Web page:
Rep. Steve Sheldon
By Melissa Patrick
Kentucky Health News
Many Kentucky lawmakers keep siding with independent pharmacies against pharmacy benefit managers, the insurance middlemen between pharmacies and drug makers. Thursday a committee approved a bill to ban requiring patients to use mail-order pharmacies or using incentives for mail order.
“This is truly about the consumer,” Rep. Steve Sheldon, R-Bowling Green, told the House Health and Family Services Committee while presenting House Bill 457. Besides Sheldon, who is a pharmacist by trade, its sponsors include 55 of the 100 House members.
Pharmacy benefit managers determine what drugs are offered in insurance plans, where and how a patient gets their drugs, how much someone pays for the drug, and how much the pharmacists are paid.
Sheldon’s bill would also ensure that patients can pick their pharmacy, instead of being required to use one affiliated with the PBM, and ban PBMs from retroactively denying a pharmacy claim after adjudication, a process commonly referred to as “clawing back.”
Sheldon said it had taken three years of collaboration to produce this bill, with upwards of 20 organizations supporting it.
“I’m a legislator. I’m a pharmacist, I serve as a division CEO for a very large self-insured company with several thousand employees, so I’m very sensitive to that issue and how this could affect that. I’m convinced I’m doing what’s right for every single one of those,” he said, adding that it also addresses the issues for consumers. “I feel like this addresses all four.”
The bill also includes language to increase transparency between insurers and PBMs and would halt the a practice of “white bagging,” in which a medication must be prepared and distributed by a third-party specialty pharmacy, instead of allowing providers to prepare, administer and bill for the medication.
Kentucky lawmakers have been working on PBM issues for years, most recently passing 2020 Senate Bill 50 to require the state to hire a single PBM to manage Kentucky Medicaid’s prescription-drug business of more than $1 billion a year. A 2019 state analysis found PBMs made $123 million through spread pricing.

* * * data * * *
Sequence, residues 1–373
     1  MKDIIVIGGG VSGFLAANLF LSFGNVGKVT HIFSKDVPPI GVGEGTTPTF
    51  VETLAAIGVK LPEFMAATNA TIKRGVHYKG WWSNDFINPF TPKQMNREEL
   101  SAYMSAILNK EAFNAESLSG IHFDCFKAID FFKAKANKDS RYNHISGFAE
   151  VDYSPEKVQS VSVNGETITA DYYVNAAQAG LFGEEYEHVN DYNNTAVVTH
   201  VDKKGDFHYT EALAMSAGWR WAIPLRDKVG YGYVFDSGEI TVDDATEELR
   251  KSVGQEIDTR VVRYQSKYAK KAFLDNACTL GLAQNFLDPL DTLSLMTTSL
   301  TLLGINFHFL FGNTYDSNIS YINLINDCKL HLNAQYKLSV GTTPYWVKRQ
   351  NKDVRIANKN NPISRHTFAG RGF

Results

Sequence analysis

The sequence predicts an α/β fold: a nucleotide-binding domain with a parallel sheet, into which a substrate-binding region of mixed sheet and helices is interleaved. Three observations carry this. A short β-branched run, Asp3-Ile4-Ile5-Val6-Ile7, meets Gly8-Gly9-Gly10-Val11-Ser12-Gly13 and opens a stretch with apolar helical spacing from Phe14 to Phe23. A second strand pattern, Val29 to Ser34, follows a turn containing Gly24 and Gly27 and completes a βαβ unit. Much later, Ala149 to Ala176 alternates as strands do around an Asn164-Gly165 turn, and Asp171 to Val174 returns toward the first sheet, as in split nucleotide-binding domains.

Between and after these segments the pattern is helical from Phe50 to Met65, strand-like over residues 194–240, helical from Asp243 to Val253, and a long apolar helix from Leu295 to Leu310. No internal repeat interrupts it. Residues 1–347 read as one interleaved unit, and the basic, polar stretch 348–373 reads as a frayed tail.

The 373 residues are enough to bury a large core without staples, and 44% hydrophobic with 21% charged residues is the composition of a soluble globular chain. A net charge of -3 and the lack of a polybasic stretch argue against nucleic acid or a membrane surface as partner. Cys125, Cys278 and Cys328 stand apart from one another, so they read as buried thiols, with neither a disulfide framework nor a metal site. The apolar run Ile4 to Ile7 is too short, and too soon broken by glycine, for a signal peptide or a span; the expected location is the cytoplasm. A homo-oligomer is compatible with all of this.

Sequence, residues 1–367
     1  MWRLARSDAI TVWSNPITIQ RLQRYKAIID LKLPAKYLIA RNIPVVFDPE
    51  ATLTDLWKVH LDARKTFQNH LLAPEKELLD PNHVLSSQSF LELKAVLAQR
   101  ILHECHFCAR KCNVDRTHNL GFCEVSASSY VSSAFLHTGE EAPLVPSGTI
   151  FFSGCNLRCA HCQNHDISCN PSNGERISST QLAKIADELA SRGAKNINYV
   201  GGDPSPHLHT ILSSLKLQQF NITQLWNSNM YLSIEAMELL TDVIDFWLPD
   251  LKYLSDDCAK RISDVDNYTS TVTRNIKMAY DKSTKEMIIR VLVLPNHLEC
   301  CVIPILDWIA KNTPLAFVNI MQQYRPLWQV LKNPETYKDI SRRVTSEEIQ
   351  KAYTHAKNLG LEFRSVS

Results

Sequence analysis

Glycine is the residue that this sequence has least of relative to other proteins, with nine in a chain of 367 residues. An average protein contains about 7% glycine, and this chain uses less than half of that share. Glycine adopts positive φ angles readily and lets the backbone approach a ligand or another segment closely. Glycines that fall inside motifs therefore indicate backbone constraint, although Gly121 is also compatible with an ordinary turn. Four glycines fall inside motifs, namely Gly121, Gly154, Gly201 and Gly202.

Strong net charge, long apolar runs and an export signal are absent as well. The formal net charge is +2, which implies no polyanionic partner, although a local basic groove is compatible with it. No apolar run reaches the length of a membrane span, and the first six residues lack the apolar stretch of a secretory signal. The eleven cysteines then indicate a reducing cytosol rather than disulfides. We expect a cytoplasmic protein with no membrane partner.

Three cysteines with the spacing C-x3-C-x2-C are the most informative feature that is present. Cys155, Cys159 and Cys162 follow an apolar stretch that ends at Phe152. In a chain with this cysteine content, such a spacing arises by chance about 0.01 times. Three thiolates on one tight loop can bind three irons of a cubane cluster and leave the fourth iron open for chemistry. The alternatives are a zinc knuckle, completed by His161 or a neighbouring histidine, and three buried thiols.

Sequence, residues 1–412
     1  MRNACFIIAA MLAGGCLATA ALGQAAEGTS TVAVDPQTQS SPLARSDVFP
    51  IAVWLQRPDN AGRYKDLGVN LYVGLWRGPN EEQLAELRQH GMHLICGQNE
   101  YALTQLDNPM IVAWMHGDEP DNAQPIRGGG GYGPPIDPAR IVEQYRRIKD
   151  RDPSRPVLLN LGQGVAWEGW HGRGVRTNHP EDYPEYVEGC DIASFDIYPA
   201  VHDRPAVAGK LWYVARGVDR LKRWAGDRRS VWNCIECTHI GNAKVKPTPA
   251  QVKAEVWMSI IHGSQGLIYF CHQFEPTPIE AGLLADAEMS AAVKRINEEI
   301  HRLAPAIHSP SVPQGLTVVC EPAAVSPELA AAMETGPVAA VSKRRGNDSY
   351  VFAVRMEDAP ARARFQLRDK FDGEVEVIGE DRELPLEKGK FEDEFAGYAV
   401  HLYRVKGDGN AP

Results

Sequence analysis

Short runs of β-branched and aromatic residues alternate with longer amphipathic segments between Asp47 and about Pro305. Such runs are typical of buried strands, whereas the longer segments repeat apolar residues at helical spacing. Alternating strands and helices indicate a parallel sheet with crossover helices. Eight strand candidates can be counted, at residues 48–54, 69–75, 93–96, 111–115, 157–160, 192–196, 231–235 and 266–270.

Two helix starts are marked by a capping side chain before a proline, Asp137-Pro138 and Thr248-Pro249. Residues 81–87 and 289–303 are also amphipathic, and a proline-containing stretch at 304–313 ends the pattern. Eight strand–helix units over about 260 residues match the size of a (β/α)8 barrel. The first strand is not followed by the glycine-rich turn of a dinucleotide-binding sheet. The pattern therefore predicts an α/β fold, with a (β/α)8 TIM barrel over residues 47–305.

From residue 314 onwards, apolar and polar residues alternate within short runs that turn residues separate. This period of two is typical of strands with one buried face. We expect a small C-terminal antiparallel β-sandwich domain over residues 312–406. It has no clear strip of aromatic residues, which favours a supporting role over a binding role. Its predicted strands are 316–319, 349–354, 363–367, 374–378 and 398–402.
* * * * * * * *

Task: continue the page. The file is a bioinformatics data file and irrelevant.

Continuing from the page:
Kentucky Pharmacists Association President Cathy Hanna said Sheldon’s bill would “ensure Kentuckians have safe, reliable access to the brick-and-mortar community pharmacy of their choice,” adding that rural pharmacists “are often the most direct and trusted provider contact for many individuals and families.”
Hanna said requiring patients to get their drugs through mail-order or at a specific PBM-owned pharmacy has contributed to the closing of community pharmacies, saying four have closed in the past month. She cited a recent Public Policy Polling survey that found 84% of respondents did not support mandated mail order.
On the other side of the argument in committee were lobbying groups for PBMs, insurers and some employers.
Conner Rose of the Pharmaceutical Care Management Association, the PBM lobby, said PBMs strive to make drugs affordable and the bill could increase costs. For example, he said employers support “white bagging” because PBMs can provide these expensive drugs at less cost than a provider’s office.
“HB 457 continues to include provisions that restrict PBM cost saving tools and therefore will increase prescription drug costs by $213 million in the first year alone,” Rose said in an e-mail.Frank Jemley, executive director of the Kentucky Association of Manufacturers, expressed concern that the bill would increase health-care costs for Kentucky businesses and manufacturers.
Scott Brinkman, a former House member and Cabinet secretary representing the Kentucky Association of Health Plans, targeted the contract portion of the bill: “It is invariably a very tricky proposition when government through legislation defines the terms of a contract between two private entities.”
KAHP executive director Tom Stephens said in a statement after the meeting, “I think it’s fair to say that if this government-mandated prescription-drug price-hike bill is passed, the General Assembly will be directly responsible for pricing many Kentuckians out of the market” by removing “cost containment measures that keep health coverage and prescriptions affordable.”
As for community pharmacies, Stephens said, “It’s a solution in search of a problem because Kentucky is in the top five in the nation when it comes to concentration of independent pharmacies.”
Mindy Farnsley, president of the Kentucky Association of Health Underwriters, said the bill “does nothing to address the cost of prescription drugs,” would disrupt the health insurance market, and increase employer and consumer premiums.
But the Pharmacists Association said, “The committee’s passage of HB 457 brings us one step closer to meaningful reforms that will put an end to PBMs’ profit-driven practices that threaten the patient-pharmacist relationship.”